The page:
Like little stars.
At a press conference this afternoon, President Obama announced that he’s taking a series of steps to restore Americans’ trust in the U.S. intelligence community and safeguard their privacy. But his agenda may have been obscured when he was asked if he thought NSA leaker Edward Snowden was a patriot. Obama replied, “No, I don’t think Mr. Snowden was a patriot.”
Speaking from the podium in the White House press briefing room, the president laid out four policy reforms to “increase transparency and restore public trust:
1) New restrictions on section 215 of the PATRIOT Act. The White House released a lengthy white paper detailing its view of what Obama called “appropriate reforms” to the controversial provision of the controversial law, which allows the government to collect business records in search of terrorists and forms the basis of the administration’s telephone metadata collection program.
2) Efforts to improve public confidence in the Foreign Intelligence Surveillance Court, the top secret court that approves wiretaps and other electronic snooping. Obama said the government would find ways for civil liberties concerns to be heard at the court and even suggested that, in some cases, an advocate might be present to argue against the government’s request for a warrant. It’s something civil libertarians have long had on their wish list.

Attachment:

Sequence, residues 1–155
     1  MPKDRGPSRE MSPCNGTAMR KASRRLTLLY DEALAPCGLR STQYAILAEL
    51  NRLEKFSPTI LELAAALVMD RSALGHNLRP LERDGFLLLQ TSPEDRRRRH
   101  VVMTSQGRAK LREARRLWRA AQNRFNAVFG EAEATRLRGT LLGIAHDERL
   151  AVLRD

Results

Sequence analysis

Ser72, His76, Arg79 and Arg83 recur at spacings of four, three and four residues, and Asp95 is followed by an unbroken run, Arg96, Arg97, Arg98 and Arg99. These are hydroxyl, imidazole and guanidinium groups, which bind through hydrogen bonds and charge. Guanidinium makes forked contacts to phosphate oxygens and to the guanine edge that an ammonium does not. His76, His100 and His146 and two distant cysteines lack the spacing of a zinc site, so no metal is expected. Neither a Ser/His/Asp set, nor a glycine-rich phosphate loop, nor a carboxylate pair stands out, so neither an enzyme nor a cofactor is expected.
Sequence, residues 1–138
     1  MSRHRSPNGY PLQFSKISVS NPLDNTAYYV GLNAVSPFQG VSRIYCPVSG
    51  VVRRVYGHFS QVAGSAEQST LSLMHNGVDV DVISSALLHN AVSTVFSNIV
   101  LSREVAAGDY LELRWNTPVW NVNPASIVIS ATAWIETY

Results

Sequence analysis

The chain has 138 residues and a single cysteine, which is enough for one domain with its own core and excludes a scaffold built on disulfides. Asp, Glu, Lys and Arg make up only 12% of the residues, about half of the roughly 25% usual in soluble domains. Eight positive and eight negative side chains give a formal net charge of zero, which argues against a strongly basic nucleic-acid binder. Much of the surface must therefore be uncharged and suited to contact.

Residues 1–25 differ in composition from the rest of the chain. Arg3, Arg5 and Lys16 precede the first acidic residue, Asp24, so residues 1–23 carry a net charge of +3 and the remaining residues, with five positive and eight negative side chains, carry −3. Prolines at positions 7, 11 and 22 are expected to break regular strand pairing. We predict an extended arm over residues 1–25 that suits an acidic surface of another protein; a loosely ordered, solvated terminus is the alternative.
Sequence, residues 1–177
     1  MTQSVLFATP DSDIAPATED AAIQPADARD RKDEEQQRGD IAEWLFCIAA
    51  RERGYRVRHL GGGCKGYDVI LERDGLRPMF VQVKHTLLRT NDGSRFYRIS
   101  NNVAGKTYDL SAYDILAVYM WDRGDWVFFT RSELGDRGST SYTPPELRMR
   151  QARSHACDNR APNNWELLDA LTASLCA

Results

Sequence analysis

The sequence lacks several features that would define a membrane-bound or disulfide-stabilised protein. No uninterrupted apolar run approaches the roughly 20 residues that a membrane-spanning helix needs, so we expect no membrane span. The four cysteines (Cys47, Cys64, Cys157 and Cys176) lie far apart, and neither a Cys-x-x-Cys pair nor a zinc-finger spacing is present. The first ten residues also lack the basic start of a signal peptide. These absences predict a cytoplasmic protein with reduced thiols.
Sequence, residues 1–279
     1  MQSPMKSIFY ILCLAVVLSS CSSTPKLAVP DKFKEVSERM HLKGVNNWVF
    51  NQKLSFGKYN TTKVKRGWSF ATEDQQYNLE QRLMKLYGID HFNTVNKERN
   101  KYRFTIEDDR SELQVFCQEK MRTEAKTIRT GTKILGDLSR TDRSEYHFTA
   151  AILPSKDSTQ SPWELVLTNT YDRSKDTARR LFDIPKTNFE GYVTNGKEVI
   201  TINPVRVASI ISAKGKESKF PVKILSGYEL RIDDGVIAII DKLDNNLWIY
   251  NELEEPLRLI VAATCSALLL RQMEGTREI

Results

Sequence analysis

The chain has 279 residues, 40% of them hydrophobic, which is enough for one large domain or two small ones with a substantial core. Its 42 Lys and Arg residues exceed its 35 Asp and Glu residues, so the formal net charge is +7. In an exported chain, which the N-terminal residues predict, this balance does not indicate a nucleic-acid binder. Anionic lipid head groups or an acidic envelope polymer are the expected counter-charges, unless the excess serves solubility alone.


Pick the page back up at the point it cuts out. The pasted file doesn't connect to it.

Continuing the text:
3) The NSA will soon have a full-time privacy officer, who will be charged with safeguarding and advocating for privacy and transparency. The intelligence community will also create a website where information can be found and concerns addressed.
4) Obama will appoint a group of outside experts, including civil libertarians, who will review the entire intelligence and communications approach to see where privacy can be better protected and what can be done to make things more transparent.
Whether the reforms will do much of anything, or be little more than lip service to concerns, remains to be seen.
Alex Seitz-Wald is Salon's political reporter. Email him at firstname.lastname@example.org, and follow him on Twitter @aseitzwald.More Alex Seitz-Wald.
Like little stars.
World's best pie apple. Essential for Tarte Tatin. Has five prominent ribs.
So pretty. So early. So ephemeral. Tastes like strawberry candy (slightly).
My personal fave. Ultra-crisp. Graham cracker flavor. Should be famous. Isn't.
High flavored with notes of blood orange and allspice. Very rare.
Jefferson's favorite. The best all-purpose American apple.
New Hampshire's native son has a grizzled appearance and a strangely addictive curry flavor. Very, very rare.
Makes the best hard cider in America. Soon to be famous.
Freak seedling found in an Oregon field in the '60s has pink flesh and a fragrant strawberry snap. Makes a killer rose cider.
Ben Franklin's favorite. Queen Victoria's favorite. Only apple native to NYC.
Really does taste like pineapple.